Results 1 to 8 of 8

Thread: Getting children into schools

  1. #1
    ag28com is offline Member
    Join Date
    Nov 2005
    Posts
    69

    Default Getting children into schools

    Can someone please advise on how we can get our sons into schools in NZ.

    We have two sons, one will be 11 when we hopefully arrive, and te other will be 13. Do we contact the schools directly, or do we have to go through an education authority to get a place allocated?

    Also, are many schools over-subscribed like here in the UK, or will most have available spaces?

  2. #2
    driver is offline Member
    Join Date
    Jun 2005
    Posts
    74

    Default Getting children into schools

    I think that you have to live in their catchment zone for a start.
    Most places have websites, and you could contact them through there.
    I'd guess that it would depend upon the school as to whether or not they are oversubscribed.
    hope this will help for a start.

  3. #3
    MotherBear's Avatar
    MotherBear is offline The missing link
    Join Date
    Jan 2005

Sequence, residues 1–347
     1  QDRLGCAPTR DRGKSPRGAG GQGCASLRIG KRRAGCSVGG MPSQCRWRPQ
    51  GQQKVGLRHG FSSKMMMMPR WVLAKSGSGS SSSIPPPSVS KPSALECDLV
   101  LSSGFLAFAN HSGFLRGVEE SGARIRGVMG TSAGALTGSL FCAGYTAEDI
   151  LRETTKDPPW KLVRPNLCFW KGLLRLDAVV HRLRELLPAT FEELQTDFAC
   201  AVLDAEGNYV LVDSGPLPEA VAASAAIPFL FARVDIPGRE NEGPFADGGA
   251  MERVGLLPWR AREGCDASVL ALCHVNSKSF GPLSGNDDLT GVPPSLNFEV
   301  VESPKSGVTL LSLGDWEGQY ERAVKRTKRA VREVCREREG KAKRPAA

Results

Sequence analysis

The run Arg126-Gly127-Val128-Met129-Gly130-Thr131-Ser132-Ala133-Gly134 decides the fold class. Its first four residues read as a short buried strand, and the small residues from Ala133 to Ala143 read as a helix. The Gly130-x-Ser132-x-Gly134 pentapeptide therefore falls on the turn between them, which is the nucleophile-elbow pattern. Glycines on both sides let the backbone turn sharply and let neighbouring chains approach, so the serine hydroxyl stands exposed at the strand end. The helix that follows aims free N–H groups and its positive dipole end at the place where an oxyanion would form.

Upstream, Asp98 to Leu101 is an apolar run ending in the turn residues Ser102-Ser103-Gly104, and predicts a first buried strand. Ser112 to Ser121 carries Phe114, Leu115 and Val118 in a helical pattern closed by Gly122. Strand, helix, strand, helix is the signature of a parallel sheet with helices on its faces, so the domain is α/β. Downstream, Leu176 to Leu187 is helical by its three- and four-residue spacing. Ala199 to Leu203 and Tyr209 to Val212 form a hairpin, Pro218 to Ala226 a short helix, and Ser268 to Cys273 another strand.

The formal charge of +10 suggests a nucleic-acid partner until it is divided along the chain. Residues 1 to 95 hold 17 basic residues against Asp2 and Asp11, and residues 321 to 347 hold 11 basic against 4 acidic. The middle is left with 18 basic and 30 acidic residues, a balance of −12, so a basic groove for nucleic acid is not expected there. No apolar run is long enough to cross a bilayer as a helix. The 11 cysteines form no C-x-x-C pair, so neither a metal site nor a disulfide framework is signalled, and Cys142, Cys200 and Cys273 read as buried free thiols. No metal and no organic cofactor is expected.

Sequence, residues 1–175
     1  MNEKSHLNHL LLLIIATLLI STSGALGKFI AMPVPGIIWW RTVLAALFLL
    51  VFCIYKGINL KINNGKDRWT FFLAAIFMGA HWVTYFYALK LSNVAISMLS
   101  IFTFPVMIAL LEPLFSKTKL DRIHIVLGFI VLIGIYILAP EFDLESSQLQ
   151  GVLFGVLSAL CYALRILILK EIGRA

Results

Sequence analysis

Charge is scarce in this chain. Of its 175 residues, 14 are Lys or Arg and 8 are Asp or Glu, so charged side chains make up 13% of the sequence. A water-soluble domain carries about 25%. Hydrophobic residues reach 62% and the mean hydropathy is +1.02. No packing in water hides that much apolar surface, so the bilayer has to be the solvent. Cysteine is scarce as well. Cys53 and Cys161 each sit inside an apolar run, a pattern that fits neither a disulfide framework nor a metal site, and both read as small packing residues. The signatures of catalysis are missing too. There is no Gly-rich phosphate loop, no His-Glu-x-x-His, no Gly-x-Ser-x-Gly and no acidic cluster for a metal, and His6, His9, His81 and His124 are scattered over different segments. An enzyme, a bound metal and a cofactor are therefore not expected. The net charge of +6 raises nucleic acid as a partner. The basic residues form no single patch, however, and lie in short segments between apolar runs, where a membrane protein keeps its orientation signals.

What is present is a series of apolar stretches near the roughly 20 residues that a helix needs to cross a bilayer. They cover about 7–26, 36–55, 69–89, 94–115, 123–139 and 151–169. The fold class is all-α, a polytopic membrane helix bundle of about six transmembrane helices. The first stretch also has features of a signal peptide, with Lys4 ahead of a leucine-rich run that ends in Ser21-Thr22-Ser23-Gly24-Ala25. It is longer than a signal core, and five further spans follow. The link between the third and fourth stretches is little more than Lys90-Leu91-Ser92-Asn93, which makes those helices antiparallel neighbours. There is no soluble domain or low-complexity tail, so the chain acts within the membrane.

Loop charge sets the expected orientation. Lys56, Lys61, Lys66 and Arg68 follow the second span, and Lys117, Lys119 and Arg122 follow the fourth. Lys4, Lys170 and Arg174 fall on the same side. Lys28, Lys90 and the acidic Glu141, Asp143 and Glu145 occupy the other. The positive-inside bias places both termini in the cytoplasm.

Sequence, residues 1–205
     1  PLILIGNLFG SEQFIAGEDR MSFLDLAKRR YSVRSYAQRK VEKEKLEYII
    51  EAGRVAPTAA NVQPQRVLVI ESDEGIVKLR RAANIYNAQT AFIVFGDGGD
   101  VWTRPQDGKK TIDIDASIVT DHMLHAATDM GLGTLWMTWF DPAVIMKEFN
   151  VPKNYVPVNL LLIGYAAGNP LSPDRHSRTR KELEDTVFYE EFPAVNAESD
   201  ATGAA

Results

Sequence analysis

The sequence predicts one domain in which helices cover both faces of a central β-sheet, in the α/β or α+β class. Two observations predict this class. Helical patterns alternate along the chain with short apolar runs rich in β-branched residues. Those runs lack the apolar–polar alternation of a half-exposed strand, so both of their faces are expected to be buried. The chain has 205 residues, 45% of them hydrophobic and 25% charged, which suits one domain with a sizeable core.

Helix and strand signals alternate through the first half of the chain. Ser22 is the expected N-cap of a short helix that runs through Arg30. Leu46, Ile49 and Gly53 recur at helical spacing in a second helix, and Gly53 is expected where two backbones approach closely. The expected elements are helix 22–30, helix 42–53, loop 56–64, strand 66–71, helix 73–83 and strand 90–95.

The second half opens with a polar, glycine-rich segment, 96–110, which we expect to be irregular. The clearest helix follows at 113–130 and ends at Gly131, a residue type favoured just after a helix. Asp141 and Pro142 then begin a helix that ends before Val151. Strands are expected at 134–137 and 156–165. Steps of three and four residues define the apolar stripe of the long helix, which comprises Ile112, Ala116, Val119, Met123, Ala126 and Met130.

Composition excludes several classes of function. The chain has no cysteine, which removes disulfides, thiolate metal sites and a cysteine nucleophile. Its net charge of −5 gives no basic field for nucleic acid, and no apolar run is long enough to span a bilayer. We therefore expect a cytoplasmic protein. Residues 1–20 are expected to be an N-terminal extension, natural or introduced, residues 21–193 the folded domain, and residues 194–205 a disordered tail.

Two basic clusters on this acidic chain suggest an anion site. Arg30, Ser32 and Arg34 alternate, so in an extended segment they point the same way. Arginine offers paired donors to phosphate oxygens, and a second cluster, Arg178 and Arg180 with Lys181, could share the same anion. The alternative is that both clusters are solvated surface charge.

Location
    currently Ras al Khaimah, UAE, ex Wales, UK
    Posts
    11,180
    Blog Entries
    1

    Default Getting children into schools

    If you are entering NZ with PR, you probably won?t have to pay fees to put your children in school, although you may be asked for a ?contribution?. This varies according to the decile rating of the school. The more affluent a neighbourhood is reputed to be, the higher the decile rating of the local schools and, therefore, more money is expected to be contributed by the parents, as those schools will not have such a large amount of funding from the government. For the secondary schools, at least, you will be expected to supply uniforms and quite possibly for the junior schools. Also books, stationery and other necessary nic nacs will have to be bought.

    The idea would be to select the area you wish to settle in and research schools in the neighbourhood once you?ve decided. Many of the schools have their own websites, as Driver says, so you could contact them via email to find out whether they would accept your children.

    http://www.schoolzones.co.nz - Looks useful for finding schools in the area you want to settle. (I couldn?t get past the first couple of pages. Perhaps the site isn?t functioning fully today).

    Or you could try looking on the map sites where a lot of the schools are shown. http://www.wises.co.nz shows school, but can be a bit out of date, in my opinion, as it doesn?t keep abreast of the new developments.

    http://www.ero.govt.nz/reports/searc...Search%20title ? for looking up reports on various schools, although word has it that these aren't always entirely accurate.